He was very fond of children. “Once, I fell into the fountain well at the entrance of the V.H. Talkies. A gardener rescued me and my mom who had jumped in after me to save me. My grandfather gifted the gardener a gold chain and declared a holiday for the theatre that day.”

Samikannu Vincent set up Touring Talkies under Vincent Forces Cinema on Trichy Road to entertain the British soldiers, who camped at the Madukkarai Battalion during war. “The tent would go up in the evenings. The projector moved on a trolley and English films were screened. The soldiers travelled in a bus, which was largely a skeleton body with wooden planks and steel rods. You can see the bus at G.D Naidu museum,” Winfred says. The canteen served half-boiled eggs, roasted bread, black tea and black coffee to suit the British palate. Samikannu started 12 theatres in the city. The Rainbow theatre was set up on a lease agreement with the English Club. It screened English films. It was at Light House theatre on R.S. Puram, that Damodarasamy Naidu of Annapoorna made a small beginning with a canteen. It is now Kennedy theatre. Variety Hall Talkies screened a number of Hindi movies starring Dilip Kumar, which were big hits. Edison and Carnatic screened Tamil movies. At Winfred Paul's residence, his grandfather's majestic 1.5 tonne mirror framed in teak wood (shipped from Belgium), artistic elephant face stands, teak chairs, a 1914 wall clock, and a laundry basket in rosewood, echoes the Victorian age. Winfred Paul says Coimbatore resembled a village and Trichy Road, V.H.Road, Avinashi Road and Jail Road were the arterial roads. “Brooke Bond Road was called Palm Trees Road because palm trees dotted the place. There were maize fields everywhere. People walked everywhere. Royal Enfield motorbikes were owned only by the landlords,” he recalls. He remembers the funeral procession of his grandfather in 1942. “There was hailstorm in the city and ice pellets damaged the window panes.”

Despite everything, Samikannu Vincent is barely remembered in the annals of cinema and in the memoirs of Coimbatore. There is no memorial for him in Coimbatore. The legal heirs of the family erected his statue at V.H. Palace, which was however removed as the theatre changed hands. Says Winfred, “The statue is now at my uncle's house in Ramanathapuram. A fitting tribute would be to re-erect it on V.H. Road, the place which marked the birth of cinema in Coimbatore.”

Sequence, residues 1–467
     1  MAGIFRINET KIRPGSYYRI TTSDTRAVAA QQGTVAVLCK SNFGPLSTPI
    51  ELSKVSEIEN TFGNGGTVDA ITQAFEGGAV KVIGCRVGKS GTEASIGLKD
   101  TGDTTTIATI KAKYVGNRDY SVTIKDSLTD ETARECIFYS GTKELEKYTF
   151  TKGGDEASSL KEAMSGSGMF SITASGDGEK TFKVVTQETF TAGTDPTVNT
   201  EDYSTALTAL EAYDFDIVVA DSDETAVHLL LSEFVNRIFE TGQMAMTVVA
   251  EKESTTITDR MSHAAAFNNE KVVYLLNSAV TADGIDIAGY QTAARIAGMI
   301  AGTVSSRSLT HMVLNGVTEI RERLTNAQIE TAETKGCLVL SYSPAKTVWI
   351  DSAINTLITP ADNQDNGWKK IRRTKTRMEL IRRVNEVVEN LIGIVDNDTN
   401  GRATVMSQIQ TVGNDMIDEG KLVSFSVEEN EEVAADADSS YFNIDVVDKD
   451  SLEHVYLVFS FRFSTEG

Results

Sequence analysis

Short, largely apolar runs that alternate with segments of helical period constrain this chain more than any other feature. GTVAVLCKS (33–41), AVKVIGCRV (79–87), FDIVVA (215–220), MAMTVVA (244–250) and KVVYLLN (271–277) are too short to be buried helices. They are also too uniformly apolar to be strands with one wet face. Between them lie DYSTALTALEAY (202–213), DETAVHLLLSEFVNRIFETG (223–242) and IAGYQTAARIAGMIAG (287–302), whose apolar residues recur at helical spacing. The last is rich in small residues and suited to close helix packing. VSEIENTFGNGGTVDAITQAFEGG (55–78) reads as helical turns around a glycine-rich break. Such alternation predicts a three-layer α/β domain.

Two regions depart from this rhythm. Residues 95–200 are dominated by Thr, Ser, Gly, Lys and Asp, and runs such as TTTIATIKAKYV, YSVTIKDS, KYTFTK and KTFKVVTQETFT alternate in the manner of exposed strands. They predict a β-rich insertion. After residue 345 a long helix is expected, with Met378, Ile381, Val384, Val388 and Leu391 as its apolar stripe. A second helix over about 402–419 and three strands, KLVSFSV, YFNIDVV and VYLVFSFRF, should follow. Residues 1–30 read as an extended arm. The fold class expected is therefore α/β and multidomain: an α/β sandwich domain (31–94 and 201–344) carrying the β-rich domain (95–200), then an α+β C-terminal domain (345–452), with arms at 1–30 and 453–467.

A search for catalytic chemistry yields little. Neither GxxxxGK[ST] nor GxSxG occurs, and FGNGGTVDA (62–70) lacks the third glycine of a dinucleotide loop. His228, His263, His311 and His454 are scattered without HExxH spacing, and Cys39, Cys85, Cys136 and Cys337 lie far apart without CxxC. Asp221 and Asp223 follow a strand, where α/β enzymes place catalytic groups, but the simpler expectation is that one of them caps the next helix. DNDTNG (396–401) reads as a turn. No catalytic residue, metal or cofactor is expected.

(As told to K. Jeshi)

Winfred Paul Born on August 19, 1932 at the Vincent Palace on V. H. Road is the son of Rajambal, the first and eldest daughter of Samikannu Vincent. After schooling, he worked at the Government District Board Office and later at a private textile mill. As a child he remembers watching a movie in parts over a period of a week as they owned the theatres. Other than films, his passions include driving about in his grandfather's Austin. He has a keen interest in the electrical and mechanical aspects of movie projectors.


Watching ball room parties at Palace Theatre which now functions as Naaz. The screen was replaced with music orchestra, English music filled the air and the Englishmen danced with their partners all through the night on the glistening marble chip floors. It was not open for outsiders but as owners we used to watch the dance from the Box room.

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Printable version | Apr 17, 2021 9:30:23 PM | https://www.thehindu.com/features/friday-review/history-and-culture/Memories-of-Coimbatore-A-silent-revolution/article14957443.ece